§ Sir H. Studholme
asked the Secretary of State for the Home Department if he will make a statement on the recent disturbances in Dartmoor Prison.
§ Mr. Brooke
At about 3 p.m. on 11th December a disturbance broke out in the mailbag shop at Dartmoor prison. There were 88 prisoners in the shop in two separate sections, one of 60, the other of 28 prisoners. The smaller section dissociated itself completely from the disturbance, and among the larger section only about half took any active part. The incident was sparked off by the attempt to remove from the shop a prisoner who had broken a window. During the morning, there had been signs of discontent with the nature of the work in the shop; this was the sewing of coal sacks.
At the time, the shop was manned by four prison officers and four instructors, but extra help was immediately available from the emergency reserve. The situation was under control within half an hour. The disorder did not spread to any other part of the prison, and normal association and education classes took place the same evening without incident.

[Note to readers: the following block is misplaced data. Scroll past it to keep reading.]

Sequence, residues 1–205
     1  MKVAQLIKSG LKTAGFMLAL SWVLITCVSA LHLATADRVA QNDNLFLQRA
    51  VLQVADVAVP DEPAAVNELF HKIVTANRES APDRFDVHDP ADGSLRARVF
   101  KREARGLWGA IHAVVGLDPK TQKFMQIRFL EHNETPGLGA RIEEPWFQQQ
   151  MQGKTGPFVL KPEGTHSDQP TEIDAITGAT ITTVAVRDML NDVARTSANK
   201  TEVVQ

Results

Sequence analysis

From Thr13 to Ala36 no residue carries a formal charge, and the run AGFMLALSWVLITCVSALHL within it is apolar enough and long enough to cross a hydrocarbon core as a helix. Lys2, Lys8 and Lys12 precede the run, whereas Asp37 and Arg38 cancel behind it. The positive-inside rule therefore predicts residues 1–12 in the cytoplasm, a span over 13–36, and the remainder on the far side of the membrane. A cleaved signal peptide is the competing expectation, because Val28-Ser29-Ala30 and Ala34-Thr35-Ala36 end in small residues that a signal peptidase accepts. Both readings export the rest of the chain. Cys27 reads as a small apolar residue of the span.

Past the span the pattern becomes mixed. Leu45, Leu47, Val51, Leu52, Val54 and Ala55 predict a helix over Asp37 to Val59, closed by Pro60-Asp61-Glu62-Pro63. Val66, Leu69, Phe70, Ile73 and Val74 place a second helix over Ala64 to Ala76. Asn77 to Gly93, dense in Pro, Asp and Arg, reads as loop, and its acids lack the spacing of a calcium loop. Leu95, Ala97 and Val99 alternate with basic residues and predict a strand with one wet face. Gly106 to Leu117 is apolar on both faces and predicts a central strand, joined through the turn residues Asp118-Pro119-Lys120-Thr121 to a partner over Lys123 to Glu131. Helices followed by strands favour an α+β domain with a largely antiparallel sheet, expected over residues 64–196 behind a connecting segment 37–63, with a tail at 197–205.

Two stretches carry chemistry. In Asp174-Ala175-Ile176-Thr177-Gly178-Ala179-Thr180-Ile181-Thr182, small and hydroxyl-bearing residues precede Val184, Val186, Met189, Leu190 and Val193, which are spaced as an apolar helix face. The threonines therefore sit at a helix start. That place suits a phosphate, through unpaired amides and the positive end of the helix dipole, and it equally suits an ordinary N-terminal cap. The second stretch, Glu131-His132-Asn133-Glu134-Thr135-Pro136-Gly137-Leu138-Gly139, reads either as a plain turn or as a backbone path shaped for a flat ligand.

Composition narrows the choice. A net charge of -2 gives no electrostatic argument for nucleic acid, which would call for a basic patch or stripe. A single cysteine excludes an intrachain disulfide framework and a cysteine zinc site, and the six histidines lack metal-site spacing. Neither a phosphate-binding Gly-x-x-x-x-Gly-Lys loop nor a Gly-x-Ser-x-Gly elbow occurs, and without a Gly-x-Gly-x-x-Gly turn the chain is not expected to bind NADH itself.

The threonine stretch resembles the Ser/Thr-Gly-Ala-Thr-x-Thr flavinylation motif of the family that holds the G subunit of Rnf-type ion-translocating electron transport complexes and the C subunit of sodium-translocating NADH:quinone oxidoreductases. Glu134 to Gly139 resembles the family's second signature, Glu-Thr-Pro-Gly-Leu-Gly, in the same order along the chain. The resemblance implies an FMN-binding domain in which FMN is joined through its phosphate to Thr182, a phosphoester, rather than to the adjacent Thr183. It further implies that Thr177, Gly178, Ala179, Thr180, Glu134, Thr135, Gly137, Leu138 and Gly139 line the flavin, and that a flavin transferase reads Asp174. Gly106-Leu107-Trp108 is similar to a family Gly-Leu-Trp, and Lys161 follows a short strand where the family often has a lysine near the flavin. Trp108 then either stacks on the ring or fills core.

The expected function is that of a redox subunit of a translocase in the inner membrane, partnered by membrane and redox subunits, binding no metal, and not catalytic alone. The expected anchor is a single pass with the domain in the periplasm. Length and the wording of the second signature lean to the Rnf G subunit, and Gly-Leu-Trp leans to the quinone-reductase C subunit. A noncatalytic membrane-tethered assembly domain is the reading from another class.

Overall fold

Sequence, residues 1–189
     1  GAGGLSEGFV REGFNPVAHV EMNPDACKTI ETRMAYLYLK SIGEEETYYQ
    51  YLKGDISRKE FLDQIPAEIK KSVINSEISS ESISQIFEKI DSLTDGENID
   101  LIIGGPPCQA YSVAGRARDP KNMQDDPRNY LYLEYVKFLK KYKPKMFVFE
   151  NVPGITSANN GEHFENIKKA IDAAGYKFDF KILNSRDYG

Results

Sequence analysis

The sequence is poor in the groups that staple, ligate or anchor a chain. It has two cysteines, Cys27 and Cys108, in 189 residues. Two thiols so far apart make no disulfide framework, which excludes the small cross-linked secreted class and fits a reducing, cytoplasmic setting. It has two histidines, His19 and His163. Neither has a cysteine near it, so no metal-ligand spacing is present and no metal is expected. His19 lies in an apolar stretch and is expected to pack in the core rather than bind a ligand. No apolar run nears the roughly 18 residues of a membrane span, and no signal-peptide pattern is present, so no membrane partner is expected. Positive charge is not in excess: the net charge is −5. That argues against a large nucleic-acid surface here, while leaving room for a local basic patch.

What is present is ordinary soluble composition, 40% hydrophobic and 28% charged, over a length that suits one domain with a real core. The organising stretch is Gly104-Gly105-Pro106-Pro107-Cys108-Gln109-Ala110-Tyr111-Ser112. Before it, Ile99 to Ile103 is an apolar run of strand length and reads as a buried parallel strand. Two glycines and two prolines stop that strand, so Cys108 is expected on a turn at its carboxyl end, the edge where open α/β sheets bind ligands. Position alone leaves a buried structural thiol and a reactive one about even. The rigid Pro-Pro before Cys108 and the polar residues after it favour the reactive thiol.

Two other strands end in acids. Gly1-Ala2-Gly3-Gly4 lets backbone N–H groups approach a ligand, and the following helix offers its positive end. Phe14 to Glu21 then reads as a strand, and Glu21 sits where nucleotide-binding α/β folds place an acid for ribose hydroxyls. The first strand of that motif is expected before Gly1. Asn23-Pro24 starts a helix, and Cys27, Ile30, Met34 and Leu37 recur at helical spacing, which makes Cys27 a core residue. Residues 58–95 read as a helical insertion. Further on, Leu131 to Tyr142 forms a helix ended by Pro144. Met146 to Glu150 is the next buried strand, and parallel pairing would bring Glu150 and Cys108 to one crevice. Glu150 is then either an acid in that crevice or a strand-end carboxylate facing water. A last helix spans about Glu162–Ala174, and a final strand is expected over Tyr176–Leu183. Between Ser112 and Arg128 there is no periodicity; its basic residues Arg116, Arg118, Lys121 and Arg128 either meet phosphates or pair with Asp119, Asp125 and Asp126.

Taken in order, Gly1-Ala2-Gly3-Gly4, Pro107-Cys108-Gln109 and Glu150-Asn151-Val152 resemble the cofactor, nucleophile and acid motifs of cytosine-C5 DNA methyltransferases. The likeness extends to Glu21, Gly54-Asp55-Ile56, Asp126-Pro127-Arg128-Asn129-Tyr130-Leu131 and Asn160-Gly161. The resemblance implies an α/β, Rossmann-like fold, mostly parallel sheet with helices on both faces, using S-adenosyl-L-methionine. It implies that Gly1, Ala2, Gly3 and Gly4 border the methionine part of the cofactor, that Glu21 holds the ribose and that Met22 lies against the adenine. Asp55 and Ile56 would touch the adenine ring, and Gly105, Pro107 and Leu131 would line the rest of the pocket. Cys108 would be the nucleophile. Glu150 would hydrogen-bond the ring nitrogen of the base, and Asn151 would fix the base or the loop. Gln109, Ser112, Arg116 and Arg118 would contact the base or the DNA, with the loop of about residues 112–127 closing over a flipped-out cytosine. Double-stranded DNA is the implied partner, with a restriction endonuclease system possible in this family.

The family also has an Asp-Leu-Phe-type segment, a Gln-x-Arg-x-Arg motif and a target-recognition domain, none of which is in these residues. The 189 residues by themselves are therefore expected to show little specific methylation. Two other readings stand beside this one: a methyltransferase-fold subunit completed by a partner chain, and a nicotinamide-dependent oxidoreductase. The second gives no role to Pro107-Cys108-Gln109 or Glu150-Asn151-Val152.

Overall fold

I regret that 11 officers received injuries during the disturbance. Seven of them had to go off duty as a result; the other four received slight injuries which did not necessitate their being off duty. Two of the seven received severe head injuries. One was at first thought to have sustained a fractured skull, but I am glad to say that later reports do not confirm this.114W
The prison is now on a normal routine except for those who have been identified as having taken part in the disturbance. The Governor's investigation is proceeding.
The prison officers called upon to deal with this disturbance behaved with courage and restraint. The preliminary report I have received records that they restored order without drawing their staves, and that no prisoner was injured.